Criticized at Home, Kim Ki-duk Proves his Worth Internationally

Kim Ki-duk Kim Ki-duk

Korean director Kim Ki-duk won the Silver Lion for Best Direction at the 61the Venice International Film Festival, which closed Saturday (local time).

The Chosun Ilbo interviewed him on the phone Sunday morning right before he left Venice. About how he felt about wining the award, he said, "This movie is more abstract than my previous works. But it was well received by not only critics but also general audiences, so I was very surprised. I think everyone sympathized with the dream of lonely people."

He also said with overt delight, "I really didn't expect to receive such an award. So, when I heard that I received the Future Critics' Award, which was selected by 25 out 26 judges in their teens, I thought there was nothing more to be desired."

Concerning the time it took him to make the film, which he completed in only 13 shootings, he said, "I lived those days like the speediest computer. I think that you can contain all the messages you want to convey in a film even if you make it very quickly."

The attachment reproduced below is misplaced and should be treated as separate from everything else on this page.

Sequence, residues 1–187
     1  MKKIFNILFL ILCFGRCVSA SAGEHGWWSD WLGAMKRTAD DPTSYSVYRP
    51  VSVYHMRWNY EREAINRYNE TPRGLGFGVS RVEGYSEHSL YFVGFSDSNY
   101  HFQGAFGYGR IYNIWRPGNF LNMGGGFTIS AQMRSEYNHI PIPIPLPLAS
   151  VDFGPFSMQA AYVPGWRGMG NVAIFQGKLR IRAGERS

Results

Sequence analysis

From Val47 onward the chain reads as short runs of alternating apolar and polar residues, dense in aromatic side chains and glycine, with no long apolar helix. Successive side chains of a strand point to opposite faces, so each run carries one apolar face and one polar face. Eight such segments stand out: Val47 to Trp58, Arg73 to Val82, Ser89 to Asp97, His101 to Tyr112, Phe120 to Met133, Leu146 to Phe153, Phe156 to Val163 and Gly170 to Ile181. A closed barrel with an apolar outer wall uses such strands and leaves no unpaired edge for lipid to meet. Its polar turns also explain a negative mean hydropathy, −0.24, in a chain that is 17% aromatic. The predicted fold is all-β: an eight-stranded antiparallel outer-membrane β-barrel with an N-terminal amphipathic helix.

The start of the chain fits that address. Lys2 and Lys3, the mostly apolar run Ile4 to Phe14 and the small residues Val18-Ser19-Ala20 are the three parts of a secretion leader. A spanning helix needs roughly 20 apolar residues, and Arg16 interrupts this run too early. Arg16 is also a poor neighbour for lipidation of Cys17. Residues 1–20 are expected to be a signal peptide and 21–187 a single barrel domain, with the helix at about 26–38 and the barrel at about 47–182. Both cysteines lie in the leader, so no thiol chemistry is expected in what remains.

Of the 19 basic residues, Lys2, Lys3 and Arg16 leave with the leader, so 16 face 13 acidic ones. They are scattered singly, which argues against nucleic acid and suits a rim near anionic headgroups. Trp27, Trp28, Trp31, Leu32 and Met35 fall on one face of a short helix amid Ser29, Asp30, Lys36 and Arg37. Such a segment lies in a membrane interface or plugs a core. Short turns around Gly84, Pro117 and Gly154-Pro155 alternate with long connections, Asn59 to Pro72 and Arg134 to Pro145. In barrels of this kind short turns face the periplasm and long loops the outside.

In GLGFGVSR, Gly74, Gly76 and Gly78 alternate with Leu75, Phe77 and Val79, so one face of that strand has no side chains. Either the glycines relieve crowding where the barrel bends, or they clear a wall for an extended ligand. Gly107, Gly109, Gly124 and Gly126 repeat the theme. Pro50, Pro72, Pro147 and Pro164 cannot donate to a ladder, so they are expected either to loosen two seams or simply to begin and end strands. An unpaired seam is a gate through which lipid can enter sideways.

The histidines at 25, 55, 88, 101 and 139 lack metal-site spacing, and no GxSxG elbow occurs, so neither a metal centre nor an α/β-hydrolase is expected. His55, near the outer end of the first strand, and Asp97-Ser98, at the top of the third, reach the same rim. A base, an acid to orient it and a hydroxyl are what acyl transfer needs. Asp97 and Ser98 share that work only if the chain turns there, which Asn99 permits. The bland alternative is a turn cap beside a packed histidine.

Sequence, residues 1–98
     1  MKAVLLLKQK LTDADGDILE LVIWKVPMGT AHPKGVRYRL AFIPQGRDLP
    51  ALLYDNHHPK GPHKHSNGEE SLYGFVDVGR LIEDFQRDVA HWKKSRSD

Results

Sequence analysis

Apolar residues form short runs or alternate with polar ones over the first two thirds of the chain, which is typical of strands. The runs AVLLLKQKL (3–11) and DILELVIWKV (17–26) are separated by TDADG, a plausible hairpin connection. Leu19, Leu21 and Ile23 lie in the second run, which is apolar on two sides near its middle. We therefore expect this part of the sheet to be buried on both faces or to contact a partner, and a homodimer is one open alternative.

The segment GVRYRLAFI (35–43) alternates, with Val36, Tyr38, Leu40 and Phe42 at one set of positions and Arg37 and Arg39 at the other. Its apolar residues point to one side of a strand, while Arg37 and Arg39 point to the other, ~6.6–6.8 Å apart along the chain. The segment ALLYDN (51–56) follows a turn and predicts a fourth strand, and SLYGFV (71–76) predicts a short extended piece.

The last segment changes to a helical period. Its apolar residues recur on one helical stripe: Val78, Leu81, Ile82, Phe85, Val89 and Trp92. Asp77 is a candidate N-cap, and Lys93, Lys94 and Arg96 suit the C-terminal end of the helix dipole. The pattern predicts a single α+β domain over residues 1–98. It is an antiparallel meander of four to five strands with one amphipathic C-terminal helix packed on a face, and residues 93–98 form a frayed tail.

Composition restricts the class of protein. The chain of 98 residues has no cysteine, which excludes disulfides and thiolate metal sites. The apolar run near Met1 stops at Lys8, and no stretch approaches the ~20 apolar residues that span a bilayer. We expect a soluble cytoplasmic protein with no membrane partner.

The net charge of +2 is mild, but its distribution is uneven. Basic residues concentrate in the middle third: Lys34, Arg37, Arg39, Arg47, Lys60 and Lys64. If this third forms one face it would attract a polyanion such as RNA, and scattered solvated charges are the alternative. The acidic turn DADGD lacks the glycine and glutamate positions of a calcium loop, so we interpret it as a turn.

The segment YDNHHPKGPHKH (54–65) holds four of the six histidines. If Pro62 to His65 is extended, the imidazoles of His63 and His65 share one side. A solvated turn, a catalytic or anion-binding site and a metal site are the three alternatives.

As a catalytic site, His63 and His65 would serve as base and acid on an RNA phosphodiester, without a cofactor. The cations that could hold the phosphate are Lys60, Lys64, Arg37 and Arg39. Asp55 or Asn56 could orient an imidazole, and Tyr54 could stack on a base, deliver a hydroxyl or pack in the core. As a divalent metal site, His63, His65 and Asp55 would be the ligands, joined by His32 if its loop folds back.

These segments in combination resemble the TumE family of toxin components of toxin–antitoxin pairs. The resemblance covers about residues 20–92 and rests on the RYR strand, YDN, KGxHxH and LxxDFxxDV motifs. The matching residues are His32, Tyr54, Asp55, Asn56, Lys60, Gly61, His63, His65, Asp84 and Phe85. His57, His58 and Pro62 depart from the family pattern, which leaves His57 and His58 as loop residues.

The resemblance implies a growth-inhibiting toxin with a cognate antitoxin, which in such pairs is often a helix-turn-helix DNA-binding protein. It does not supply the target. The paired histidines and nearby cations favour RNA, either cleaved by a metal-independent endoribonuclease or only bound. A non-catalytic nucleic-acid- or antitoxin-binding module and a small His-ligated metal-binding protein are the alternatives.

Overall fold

He was also very pleased that American director Spike Lee offered to buy the copyright on the movie to remake it. But he indirectly expressed his annoyance about feminists' attack against him and controversy over his casting of actress Lee Seung-yeon, who was once criticized for her controversial "Comfort Woman" nude project, saying, "People there watched the film as it is without any prejudice and that made me feel comfortable."

As a director who is the target of both jealousy and criticism, he finally said, "Can't Korean critics and audiences watch films without any obsession with famous stars or scale? Am I wrong if I expect half of them to approve of my films. I do not think it is desirable that I have to go abroad to prove that my works are good."

englishnews@chosun.com / Sep. 12, 2004 20:10 KST